This review has been hidden because it contains spoilers. To view it, click here. 2.5/5 stars Oliver's older sister has schizophrenia, and, after an incident, he is sent to live with his aunt in Boulder, Colorado for the summer. Essa has a younger sister named Puck, whom Essa has to take care of because their single mom is spacey-- personality-wise and because she smokes a lot of pot. Oliver and Essa meet at the speciality kite store where they work, and Oliver falls for Essa pretty quickly. Essa, though, says she doesn't date because she has to take care of Puck. Nevertheless 2.5/5 stars Oliver's older sister has schizophrenia, and, after an incident, he is sent to live with his aunt in Boulder, Colorado for the summer. Essa has a younger sister named Puck, whom Essa has to take care of because their single mom is spacey-- personality-wise and because she smokes a lot of pot. Oliver and Essa meet at the speciality kite store where they work, and Oliver falls for Essa pretty quickly. Essa, though, says she doesn't date because she has to take care of Puck. Nevertheless, they hang out, visit a Zendo (Buddhist "church"), and go on orienteering treks together, along with some of Essa's other friends. One one suck trek, Puck has stowed away. Stuck in a storm on the mountain, Puck disappears from their shelter in the middle of the night. Frantic, Essa refuses to give up when the reports of a mountain lion attack proclaim Puck dead. It's then that Essa, Oliver, and company find some clues that Puck had left. Turns out, Puck wanted to highlight mindfulness, the eighth noble truth of Buddhism and make her mom pay attention to her. They find Puck, albeit dirty and hungry, and Puck's mom (ostensibly) has learned her lesson. While Zen and Gone has some plot points that makes it more interesting than a good number of the other books I've been reading for my religion in YA article, I don't really appreciate the premise where Puck, who gets off (as far as the reader can see) scott free after pulling such a prank. Yes, her mom is a travesty, and I'm sure Puck wishes her mom would be less "cool mom" and more "loving mom," but to use Buddhist philosophy as to the how Puck runs away... I'm sorry, but it just reeks of a cross of blasphemy and immature writing. I liked the subtextual learning about Buddhism in Zen and Gone, and I think the exploration of non-Abrahamic religious stories is interesting and something I'd like to see more of, but the aspect of the story with Puck's disappearance/running away just ruined the story for me.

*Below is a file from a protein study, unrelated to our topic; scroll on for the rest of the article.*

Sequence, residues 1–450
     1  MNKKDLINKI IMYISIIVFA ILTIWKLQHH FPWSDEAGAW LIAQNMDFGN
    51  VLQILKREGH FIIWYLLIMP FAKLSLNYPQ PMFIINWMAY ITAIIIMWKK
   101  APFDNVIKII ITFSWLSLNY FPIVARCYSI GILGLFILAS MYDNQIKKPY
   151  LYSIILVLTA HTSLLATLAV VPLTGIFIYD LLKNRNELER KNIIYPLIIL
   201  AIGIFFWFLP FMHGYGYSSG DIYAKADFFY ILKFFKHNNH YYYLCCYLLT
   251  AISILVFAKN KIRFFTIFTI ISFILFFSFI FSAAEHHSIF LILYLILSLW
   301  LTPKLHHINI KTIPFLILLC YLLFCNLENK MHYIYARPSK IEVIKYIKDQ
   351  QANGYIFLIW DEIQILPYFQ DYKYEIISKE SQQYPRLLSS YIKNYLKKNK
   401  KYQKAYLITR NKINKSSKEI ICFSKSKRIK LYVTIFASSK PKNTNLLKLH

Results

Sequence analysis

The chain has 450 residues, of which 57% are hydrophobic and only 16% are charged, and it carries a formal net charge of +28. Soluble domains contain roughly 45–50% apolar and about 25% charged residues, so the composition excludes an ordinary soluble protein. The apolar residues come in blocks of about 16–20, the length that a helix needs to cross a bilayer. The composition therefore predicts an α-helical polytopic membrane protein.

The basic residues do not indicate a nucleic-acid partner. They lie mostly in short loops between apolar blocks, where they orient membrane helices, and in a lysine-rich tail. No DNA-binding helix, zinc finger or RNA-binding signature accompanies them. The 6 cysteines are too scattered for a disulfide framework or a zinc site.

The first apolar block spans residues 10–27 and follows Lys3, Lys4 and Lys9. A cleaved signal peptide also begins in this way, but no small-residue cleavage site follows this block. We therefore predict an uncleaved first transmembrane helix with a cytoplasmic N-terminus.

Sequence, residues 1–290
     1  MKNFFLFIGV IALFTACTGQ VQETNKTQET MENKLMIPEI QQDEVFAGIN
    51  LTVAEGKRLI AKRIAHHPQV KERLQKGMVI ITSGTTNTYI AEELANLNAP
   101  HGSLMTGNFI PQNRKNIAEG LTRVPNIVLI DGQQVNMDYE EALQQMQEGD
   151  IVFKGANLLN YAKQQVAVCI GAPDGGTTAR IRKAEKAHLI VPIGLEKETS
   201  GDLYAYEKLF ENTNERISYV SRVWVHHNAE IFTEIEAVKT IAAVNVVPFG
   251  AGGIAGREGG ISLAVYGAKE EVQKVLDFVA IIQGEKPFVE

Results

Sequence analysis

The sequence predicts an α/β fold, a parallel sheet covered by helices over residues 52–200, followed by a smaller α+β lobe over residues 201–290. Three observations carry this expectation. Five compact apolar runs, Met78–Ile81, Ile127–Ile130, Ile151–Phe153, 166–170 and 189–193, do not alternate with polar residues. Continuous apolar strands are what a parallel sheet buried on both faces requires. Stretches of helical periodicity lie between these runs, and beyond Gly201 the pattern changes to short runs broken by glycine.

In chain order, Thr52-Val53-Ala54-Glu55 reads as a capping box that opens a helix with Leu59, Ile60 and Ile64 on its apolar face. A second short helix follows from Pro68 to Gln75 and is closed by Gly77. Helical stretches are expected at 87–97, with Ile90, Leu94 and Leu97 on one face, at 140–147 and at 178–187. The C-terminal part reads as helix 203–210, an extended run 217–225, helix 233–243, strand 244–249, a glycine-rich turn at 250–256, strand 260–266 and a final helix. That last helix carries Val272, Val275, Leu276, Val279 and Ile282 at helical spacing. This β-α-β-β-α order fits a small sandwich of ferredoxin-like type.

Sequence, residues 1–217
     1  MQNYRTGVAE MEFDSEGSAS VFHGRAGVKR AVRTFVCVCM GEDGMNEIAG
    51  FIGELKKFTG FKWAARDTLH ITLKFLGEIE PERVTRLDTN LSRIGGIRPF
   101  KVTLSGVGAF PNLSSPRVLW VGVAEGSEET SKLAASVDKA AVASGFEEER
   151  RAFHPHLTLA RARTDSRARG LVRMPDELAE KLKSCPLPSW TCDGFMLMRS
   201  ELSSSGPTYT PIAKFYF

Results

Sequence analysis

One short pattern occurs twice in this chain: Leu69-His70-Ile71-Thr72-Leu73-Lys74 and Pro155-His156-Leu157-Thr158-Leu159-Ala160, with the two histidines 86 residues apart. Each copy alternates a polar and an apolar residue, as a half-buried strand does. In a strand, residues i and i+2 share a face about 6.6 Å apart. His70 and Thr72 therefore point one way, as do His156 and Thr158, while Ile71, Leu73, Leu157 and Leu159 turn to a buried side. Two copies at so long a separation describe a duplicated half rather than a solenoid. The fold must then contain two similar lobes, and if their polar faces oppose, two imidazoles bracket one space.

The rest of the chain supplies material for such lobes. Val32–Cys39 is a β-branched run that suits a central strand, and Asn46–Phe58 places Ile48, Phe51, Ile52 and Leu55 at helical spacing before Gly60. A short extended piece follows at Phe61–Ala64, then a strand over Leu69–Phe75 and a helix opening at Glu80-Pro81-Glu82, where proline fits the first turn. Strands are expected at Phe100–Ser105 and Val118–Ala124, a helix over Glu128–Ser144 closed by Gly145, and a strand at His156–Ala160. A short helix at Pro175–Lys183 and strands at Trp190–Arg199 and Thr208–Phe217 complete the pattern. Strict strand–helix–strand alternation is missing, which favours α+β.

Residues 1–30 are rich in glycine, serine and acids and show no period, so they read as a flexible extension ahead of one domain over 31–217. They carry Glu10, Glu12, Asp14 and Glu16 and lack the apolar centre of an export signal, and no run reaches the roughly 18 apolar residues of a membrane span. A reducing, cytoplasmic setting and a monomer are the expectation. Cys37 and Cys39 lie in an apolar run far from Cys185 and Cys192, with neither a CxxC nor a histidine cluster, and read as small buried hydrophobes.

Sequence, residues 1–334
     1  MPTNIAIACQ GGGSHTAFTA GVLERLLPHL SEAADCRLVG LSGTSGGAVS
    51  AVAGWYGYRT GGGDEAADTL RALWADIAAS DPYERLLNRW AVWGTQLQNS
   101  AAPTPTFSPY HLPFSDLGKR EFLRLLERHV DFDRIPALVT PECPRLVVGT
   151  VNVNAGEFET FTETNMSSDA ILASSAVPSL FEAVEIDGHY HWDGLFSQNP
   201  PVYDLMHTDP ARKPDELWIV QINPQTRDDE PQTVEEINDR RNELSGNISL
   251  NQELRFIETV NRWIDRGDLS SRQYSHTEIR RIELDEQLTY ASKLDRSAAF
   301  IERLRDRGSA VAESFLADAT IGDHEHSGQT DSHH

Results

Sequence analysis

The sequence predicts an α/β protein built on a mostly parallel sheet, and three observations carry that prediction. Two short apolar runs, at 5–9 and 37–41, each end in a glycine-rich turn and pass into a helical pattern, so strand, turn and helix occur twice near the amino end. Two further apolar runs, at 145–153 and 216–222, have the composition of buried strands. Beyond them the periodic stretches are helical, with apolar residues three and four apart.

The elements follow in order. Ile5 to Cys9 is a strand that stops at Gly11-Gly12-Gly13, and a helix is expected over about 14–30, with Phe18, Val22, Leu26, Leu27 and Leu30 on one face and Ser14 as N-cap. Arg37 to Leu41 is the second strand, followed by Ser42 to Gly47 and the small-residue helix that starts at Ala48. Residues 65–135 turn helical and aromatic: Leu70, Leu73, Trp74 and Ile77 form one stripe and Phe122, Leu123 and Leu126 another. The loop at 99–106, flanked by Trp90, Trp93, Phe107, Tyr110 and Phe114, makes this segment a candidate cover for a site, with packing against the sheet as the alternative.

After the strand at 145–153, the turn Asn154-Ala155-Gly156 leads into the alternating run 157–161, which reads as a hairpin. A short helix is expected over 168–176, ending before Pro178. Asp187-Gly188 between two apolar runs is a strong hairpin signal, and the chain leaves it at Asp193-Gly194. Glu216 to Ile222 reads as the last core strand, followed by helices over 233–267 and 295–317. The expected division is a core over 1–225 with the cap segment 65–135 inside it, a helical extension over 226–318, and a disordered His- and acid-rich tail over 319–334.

21. 4 out of 5

    Brooke